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Departures: A Collection of Poems

Departures: A Collection of Poems
by Philip C. Kolin
Mobile, AL: Negative Capability Press, 2014
120 pages
Reviewed by Sister Lou Ella Hickman, IWBS

If you are looking for a special tool for your spiritual direction toolbox, consider Philip Kolin’s new volume of poetry. The title suggests a leaving—perhaps a loss or the shadow side of life. Yet readers will discover a shimmering in the darkness. When I received the book, I began reading the poems at the end of the book. This is where I encountered Sister Bertha—the main character in “A Date with God’s Cousin.” I mused, I hope I get to meet more people like her in this book!

The book itself is divided into five sections, a progression of growing up with various losses at each stage. Kolin often employs the words shadow or shadows. They are apt words for spiritual direction, with its journey of seeking God where God is most often overlooked.

A number of poems could be offered for prayerful reflection as well as for teaching. For example, “The Prayer Lady” could help heal someone’s painful choice of placing an elderly family member in a nursing home. I wish I had read this poem while I was offering spiritual direction to a spiritual directee in that situation. Even though “Emergency Lovers” deals with hospital stays and dying, it shows how “in sickness and in health” is lived out and that death does not have the final word. In the poem “The Air Has Left Our House Dry,” the reader is confronted with the shadow of family grief. It ends, “She decided to wear / Sunglasses after sunset.” A spiritual direction question becomes:“Does her decision help her to move on? Where is God when her children ask about their inheritance; especially when that is all they seem to be interested in?”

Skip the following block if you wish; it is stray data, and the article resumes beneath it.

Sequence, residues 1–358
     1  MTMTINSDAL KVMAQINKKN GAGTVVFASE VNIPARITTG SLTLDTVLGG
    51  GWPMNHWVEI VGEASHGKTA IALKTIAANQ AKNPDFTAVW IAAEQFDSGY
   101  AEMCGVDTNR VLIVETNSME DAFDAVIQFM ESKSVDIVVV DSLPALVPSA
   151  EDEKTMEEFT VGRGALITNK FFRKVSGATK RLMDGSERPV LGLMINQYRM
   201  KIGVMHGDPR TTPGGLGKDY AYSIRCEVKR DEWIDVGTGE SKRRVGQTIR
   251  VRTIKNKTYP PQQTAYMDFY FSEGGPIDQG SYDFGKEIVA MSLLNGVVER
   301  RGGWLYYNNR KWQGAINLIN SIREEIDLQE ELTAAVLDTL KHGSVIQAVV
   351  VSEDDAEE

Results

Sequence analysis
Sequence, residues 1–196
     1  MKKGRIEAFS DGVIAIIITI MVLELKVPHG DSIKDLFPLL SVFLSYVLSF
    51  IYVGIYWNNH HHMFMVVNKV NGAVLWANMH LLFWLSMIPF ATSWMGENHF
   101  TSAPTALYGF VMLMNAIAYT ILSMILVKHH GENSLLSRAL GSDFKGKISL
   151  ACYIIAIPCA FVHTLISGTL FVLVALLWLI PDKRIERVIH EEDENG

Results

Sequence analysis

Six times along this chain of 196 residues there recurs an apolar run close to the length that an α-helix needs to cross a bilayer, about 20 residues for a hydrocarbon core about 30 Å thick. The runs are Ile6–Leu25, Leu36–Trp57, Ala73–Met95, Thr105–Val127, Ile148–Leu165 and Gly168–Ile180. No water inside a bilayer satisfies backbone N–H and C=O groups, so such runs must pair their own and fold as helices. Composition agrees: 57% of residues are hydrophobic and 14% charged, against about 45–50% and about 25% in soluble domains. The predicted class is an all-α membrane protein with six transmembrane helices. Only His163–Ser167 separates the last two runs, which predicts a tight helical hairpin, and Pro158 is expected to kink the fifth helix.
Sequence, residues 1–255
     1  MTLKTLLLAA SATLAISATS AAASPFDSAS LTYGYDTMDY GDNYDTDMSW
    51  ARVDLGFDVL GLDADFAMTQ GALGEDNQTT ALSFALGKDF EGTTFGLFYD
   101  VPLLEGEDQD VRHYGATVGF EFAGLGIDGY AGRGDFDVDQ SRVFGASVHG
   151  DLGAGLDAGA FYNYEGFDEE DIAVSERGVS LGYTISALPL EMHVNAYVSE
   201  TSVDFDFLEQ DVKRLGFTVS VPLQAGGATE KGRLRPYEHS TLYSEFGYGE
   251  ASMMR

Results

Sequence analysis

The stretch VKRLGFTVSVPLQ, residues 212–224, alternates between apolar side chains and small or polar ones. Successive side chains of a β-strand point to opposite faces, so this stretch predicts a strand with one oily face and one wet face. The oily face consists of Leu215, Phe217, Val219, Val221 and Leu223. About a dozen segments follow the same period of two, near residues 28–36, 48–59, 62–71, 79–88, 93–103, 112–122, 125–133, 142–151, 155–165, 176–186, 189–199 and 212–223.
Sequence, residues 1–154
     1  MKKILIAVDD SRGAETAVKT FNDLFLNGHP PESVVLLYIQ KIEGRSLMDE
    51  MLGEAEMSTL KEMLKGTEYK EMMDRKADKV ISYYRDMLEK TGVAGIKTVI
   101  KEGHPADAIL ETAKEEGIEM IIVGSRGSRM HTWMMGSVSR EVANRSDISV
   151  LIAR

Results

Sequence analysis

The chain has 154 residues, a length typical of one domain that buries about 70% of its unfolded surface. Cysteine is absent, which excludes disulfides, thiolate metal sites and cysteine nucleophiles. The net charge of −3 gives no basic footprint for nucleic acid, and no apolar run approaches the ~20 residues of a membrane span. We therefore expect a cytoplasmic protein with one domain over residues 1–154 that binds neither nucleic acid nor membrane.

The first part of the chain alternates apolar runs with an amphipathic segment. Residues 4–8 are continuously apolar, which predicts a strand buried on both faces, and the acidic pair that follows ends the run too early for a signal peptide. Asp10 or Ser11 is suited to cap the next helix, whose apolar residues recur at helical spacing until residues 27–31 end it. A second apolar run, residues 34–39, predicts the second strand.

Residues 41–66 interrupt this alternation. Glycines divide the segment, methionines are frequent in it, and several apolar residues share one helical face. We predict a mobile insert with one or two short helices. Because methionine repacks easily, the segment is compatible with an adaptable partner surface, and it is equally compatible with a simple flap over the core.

There is another side to letting go or a “departure.” Old wounds are healed when one allows oneself to be embraced in love. Such is the idea in “Kenny’s Chill Pills.” However, a spiritual directee could ask, “Is it worth the risk?” If used well, the poem could be especially helpful for someone who feels betrayed by her or his religious institution, God, or both. Finally, my favorite is “A Eulogy for the Buffalo”. Kolin gives voice to the invisible in our society: the Native Americans. How might this poem speak to someone who has a difficult time fitting in spiritually or elsewhere? In what way or ways could a person who struggles to survive include this poem as prayerful refection?

Philip C. Kolin is the University Distinguished Professor in the College of Arts and Letters at the University of Southern Mississippi, in Hattiesburg, Mississippi, USA. He is the editor of the Southern Quarterly and has published six books of poetry as well as nearly forty books on people such as Tennessee Williams, Edward Albee, William Shakespeare, Adrienne Kennedy, and Suzan-Lori Parks. His textbook, Successful Writing at Work, is now in its tenth edition.

Sister Lou Ella Hickman, IWBS, is a poet, freelance writer, and spiritual director living in Corpus Christi, Texas, USA.

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